I know your life On earth was troubled And only you could know the pain You weren’t afraid to face the devil You were no stranger to the rain
Oh, how we cried the day you left us We gathered round your grave to grieve ~ Go Rest On the Mountain lyrics, Vince Gill
Although Tim Casey and I had never met in person, we had a long-standing friendship through emails and phone calls. Several years ago, I received his first email. He had attached an article he wrote about his struggles as a firefighter; the nightmares, his addiction to alcohol, and his suicide attempt. He wanted to share his story in an effort to touch one firefighter, officer or other first responder who was struggling with these same demons. He felt it was his duty as someone in recovery to tell them “help is available”.
Thank you, Tim, for your friendship and your efforts to help your brothers and sisters. May you find peace, at last, on that mountain.
by Steven Gerlang, EMT
Central Islip Hauppauge Volunteer Ambulance
Our emergency service workers; Police Officers, Firefighters, Paramedics and Emergency Medical Technicians: psychological well-being is often taken for granted and over looked. Studies have shown that there are roughly 18 to 20 members of our Emergency Services that take their own lives each day here in the United States (the exact amount is unknown as many of these deaths go down as “accidental overdoses” or “accidental weapon discharges”). More services should be offered to these individuals that we expect so much from. What can be done about it and why hasn’t the media stirred public outrage over these numbers? What causes these men and women to feel so isolated and alone that they decide to take their own lives?
The mental well-being of our nation’s first responders goes unnoticed and untreated: the media would rather keep us occupied with the circus of the current presidential debates; than the current growing suicide epidemic facing our nation’s bravest and finest. Why do we as a country look at mental illness as a taboo? We are one of the most advanced countries in the world when it comes to technology and medicine; yet we ignore or stigmatize those we entrust with public safety and security for seeking help after they have seen too much of humanities worst. This stigmatization in our country is one of the key reasons many of our first responders do not seek help for mental health issues they may experience from the traumas they experience; one of the fears they have is being ostracized by their co-workers or employers for asking for help. By being afraid to seek help, these brave men and woman are left feeling isolated, alone and helpless with their emotions. Continue reading “Who Helps Those That Help Us”→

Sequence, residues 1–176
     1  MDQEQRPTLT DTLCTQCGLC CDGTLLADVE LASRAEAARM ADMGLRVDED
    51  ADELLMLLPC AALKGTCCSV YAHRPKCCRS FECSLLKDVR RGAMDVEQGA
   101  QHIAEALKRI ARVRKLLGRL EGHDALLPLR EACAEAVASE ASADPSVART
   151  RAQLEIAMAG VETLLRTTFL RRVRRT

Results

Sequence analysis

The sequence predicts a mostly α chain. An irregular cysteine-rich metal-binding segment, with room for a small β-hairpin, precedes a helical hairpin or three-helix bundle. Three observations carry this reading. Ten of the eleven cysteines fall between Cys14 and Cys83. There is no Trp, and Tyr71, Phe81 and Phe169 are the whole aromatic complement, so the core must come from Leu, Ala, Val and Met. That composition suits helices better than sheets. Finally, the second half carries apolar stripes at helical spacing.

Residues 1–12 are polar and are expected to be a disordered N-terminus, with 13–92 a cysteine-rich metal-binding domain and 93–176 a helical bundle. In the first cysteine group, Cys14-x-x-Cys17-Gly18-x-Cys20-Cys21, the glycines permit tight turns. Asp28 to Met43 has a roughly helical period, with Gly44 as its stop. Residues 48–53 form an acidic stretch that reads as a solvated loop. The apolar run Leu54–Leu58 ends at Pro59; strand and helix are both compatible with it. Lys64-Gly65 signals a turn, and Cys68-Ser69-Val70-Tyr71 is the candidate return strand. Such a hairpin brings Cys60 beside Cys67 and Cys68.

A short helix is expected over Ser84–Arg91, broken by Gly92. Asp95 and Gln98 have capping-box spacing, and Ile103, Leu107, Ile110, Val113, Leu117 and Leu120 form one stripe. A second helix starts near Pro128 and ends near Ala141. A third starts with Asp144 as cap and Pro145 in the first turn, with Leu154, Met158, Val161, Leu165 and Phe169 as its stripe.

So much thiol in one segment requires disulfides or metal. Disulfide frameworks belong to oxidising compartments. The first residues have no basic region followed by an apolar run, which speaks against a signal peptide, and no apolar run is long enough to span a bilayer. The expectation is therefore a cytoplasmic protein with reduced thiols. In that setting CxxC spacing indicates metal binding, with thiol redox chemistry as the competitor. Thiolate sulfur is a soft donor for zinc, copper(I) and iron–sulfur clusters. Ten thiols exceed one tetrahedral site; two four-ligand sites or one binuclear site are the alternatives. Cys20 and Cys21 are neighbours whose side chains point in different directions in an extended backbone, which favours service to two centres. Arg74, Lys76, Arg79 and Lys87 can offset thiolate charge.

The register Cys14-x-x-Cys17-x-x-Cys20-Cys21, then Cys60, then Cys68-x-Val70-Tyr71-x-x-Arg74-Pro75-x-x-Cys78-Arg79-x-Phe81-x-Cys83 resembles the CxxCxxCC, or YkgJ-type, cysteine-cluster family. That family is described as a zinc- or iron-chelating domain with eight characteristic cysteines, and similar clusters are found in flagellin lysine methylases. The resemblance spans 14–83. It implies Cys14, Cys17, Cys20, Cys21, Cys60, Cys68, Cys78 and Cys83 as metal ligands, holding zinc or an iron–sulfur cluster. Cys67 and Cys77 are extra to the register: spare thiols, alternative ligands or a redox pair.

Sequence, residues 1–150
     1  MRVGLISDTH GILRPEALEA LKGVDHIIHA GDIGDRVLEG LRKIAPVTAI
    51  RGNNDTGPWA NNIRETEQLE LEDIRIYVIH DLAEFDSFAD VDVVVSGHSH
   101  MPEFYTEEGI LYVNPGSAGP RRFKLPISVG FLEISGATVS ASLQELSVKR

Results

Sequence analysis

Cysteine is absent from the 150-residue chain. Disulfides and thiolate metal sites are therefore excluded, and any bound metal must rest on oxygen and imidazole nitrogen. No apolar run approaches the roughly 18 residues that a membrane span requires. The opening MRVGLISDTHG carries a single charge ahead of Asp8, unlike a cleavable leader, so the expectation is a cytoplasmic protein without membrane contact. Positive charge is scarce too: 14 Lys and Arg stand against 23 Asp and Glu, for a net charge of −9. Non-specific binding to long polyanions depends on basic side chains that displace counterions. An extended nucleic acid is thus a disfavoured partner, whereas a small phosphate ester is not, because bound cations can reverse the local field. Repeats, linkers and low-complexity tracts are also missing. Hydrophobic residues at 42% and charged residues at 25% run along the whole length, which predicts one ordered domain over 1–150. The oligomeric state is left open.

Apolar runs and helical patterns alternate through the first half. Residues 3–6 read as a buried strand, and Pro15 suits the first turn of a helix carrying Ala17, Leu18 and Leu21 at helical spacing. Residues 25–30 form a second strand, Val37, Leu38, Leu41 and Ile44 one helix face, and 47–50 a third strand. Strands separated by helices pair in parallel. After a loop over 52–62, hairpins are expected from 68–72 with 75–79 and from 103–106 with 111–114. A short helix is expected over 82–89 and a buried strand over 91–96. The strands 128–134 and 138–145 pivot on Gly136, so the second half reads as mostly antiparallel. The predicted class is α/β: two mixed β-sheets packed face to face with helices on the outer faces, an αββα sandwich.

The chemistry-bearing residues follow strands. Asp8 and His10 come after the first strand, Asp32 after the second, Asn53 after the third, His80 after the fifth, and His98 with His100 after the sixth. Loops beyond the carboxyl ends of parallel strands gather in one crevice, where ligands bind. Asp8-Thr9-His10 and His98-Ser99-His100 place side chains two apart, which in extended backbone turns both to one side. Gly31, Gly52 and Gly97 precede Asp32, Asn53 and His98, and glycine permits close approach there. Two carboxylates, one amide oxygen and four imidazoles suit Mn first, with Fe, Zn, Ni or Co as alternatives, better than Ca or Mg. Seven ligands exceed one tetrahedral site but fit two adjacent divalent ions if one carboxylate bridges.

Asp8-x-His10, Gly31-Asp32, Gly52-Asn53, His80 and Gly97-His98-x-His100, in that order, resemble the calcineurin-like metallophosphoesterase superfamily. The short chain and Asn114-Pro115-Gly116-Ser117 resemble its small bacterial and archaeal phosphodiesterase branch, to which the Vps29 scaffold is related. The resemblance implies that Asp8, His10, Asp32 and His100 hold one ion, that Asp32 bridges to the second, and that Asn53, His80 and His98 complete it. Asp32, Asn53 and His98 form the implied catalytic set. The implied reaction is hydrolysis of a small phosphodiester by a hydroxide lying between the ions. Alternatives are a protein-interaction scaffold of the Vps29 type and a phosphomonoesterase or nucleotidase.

Suicide is a serious topic that we rarely discuss. Yet, each year thousands of adults and children either attempt or complete suicide to resolve problems or put an end to emotional pain. As a result of their deaths, surviving family members and friends not only grieve but must cope with feelings of guilt and anger as well.
According to theAmerican Association of Suicidolgy, statistics show that in 2014 approximately 42,773 people completed suicide [a minimal rate increase was seen from 2013 to 2014, continuing the recent rate increases after long-term trends of decline]. Suicide was the tenth leading cause of adult deaths in the United States; homicide ranked seventeenth. Specifically, more Americans kill themselves than are killed by others. 3.4 male deaths by suicide for each female death by suicide. An alarmingly high rate of suicide deaths was seen in young adults age 15-24 (second leading cause of death for this age group). Approximately 1,069,325 suicide attempts are made annually.
Survivors “know someone who died by suicide” and Suicide Loss Survivors are “those bereaved of suicide”. Research-based estimate suggests that for each death by suicide 147 people are exposed (6.3 million annually), and among those, 18 experience a major life disruption (1Cerel, 2015).
Author’s Note: I address firefighters in this article, but the information provided applies to any and all emergency response and public safety professionals.
Suicide is a very serious topic that we rarely discuss. Each year, thousands of adults and children either attempt or complete suicide to resolve problems or put an end to emotional pain. As a result of their deaths, surviving family members and friends not only grieve, but must cope with feelings of guilt, anger, and the archaic stigma associated with suicide.
Suicide is a major, preventable public health problem. According to the Centers for Disease Control, in 2010 it was the tenth leading cause of death in the U.S., accounting for 38,364 deaths.
Based on data about suicides in 16 National Violent Death Reporting System states in 2009, 33.3% of suicide descendents tested positive for alcohol, 23% for antidepressants, and 20.8% for opiates, including heroin and prescription pain killers.